Press Room
9 September 2009

Images related to the MBARI News Release
New robot travels across the seafloor to monitor the impact of climate change on deep-sea ecosystems

Note: These images may not be copied, reprinted, or used without explicit permission from MBARI or from the photographers. Members of the media needing higher-resolution versions should contact Kim Fulton-Bennett,, 831-775-1835.

rover on seafloor
Image credit: (c) 2007 MBARI

The Benthic Rover makes its way across the deep seafloor during a trial run in 2007. The "brains" of the vehicle are protected by a spherical titanium pressure housing. The orange and yellow objects are made of incompressible foam, whose buoyancy makes the Rover light enough underwater so that it won't sink into the soft deep-sea mud.

Image credit: (c) 2009 MBARI

During July 2009, the Benthic Rover traveled across the seafloor while hooked up to the MARS ocean observatory. This allowed researchers to control the vehicle in "real time." The yellow cable on the right side of the image is a long "extension cord" that unspools as the Rover moves.

Image credit: (c) 2007 MBARI

The Benthic Rover on the seafloor off Central California

Image credit: Ken Smith (c) 2006 MBARI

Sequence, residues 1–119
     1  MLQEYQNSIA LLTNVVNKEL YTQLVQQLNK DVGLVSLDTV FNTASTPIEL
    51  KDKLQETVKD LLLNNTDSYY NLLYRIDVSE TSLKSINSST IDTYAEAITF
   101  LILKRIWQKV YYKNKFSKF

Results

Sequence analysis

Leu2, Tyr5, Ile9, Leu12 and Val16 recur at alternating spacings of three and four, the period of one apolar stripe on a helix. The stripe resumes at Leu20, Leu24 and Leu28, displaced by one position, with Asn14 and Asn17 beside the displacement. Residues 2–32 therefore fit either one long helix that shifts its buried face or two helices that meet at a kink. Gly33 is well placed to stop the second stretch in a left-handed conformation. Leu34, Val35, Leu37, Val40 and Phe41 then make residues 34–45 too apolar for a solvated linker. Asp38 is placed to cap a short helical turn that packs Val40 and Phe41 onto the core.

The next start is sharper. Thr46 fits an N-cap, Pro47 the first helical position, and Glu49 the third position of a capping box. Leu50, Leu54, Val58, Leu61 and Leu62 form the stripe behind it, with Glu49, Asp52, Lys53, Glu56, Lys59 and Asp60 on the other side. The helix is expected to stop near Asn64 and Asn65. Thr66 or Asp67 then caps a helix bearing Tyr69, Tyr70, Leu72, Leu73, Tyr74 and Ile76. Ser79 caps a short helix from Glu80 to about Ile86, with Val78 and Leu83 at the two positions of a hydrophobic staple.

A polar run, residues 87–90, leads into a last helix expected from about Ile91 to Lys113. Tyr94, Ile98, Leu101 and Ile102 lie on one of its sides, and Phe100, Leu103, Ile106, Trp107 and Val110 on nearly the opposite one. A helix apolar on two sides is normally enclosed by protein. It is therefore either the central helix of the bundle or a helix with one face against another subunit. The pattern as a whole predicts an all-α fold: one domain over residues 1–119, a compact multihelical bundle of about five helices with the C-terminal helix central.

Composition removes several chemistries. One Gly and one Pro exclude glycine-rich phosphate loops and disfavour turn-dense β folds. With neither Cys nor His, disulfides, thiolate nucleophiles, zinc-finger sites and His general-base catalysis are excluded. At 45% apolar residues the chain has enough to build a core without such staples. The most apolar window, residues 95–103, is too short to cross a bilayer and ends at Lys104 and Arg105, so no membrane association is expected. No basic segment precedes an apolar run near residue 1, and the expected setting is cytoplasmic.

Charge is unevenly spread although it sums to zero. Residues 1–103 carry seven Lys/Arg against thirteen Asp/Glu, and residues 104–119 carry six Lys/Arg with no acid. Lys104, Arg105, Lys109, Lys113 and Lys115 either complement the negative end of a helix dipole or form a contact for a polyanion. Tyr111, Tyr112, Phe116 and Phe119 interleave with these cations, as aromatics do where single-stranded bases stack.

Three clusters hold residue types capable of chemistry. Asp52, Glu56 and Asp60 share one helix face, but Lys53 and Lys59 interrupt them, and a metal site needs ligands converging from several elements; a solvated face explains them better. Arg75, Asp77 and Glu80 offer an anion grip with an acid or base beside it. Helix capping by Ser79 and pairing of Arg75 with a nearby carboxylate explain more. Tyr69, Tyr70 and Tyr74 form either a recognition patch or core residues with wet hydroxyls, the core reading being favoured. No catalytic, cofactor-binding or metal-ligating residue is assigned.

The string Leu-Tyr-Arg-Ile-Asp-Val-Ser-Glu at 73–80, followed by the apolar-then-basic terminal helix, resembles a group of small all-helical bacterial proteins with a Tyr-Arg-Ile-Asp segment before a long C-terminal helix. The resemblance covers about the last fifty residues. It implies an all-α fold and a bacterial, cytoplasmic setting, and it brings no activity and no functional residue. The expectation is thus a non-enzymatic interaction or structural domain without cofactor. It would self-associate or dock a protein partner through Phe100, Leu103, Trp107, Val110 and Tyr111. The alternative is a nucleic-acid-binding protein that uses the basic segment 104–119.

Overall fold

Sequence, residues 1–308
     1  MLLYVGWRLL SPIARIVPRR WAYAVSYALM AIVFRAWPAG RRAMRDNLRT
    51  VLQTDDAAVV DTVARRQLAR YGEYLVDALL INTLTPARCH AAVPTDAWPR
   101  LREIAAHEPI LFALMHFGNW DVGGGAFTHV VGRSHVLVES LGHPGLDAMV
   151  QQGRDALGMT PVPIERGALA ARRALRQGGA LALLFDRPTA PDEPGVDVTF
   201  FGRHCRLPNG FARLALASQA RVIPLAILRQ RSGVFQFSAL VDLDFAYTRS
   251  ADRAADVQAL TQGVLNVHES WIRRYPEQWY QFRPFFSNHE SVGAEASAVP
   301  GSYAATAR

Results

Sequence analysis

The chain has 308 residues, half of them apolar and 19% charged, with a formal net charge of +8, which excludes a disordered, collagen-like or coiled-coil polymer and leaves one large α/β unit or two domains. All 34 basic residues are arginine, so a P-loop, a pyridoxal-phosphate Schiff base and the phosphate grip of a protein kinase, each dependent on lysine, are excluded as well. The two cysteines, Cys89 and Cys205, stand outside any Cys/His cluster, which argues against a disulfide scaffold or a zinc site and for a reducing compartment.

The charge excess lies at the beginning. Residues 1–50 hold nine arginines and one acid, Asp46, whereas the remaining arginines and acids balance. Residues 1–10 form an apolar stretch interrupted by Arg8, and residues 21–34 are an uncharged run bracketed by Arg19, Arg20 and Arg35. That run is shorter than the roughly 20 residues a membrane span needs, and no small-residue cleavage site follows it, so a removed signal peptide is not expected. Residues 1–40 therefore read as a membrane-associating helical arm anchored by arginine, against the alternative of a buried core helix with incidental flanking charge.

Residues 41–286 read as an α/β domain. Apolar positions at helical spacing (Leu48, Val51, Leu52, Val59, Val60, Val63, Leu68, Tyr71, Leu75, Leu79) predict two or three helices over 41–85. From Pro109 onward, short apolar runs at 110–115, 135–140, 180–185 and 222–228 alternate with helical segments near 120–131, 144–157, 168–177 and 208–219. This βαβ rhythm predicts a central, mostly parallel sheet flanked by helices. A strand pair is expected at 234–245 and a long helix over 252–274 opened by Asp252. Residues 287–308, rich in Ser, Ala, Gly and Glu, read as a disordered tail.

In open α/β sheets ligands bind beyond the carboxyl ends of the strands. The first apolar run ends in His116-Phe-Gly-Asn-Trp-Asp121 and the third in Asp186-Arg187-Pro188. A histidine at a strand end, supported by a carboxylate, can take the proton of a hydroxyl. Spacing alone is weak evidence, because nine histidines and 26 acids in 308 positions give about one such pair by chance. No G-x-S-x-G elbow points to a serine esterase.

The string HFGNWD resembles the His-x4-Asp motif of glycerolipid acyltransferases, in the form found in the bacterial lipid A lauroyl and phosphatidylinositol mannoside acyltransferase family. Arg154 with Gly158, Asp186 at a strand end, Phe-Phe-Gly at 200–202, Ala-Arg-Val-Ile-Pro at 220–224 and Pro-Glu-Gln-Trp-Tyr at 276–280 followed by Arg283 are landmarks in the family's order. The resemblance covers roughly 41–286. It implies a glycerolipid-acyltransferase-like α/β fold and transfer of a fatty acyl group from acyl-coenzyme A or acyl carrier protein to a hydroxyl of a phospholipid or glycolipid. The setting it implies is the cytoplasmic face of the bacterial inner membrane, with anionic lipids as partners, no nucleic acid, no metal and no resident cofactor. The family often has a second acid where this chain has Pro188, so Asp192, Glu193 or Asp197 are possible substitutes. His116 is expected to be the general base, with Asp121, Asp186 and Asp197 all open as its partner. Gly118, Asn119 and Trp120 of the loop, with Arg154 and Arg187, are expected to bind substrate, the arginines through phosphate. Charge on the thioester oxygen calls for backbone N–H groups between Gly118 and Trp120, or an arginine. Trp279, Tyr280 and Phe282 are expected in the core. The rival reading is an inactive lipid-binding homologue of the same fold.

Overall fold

This image of the Benthic Rover on the seafloor off Central California was taken through a view port on the research submarine Alvin

Image credit: (c) 2006 MBARI

This computer drawing shows some of the key components of the Benthic Rover.

Image credit: (c) 2009 MBARI

This computer drawing shows the Benthic Rover illuminating the seafloor with a blue light that causes chlorophyll to fluoresce. Such fluorescence can help scientists tell if blooms of microscopic marine algae have recently settled down onto the seafloor, where they may provide food for deep-sea organisms.

Image credit: (c) 2009 MBARI

The crew of MBARI's research vessel Point Lobos lower the Benthic Rover over the side of the ship and into the waters of Monterey Bay.

Image credit: (c) 2009 MBARI

This photograph, taken by the Benthic Rover, shows a typical patch of seafloor at a depth of about 900 meters off the coast of Monterey Bay. The animals in the photo include two different kinds of sea pens, snails, anemones, a hermit crab, and a rockfish.

Last updated: Jan. 08, 2016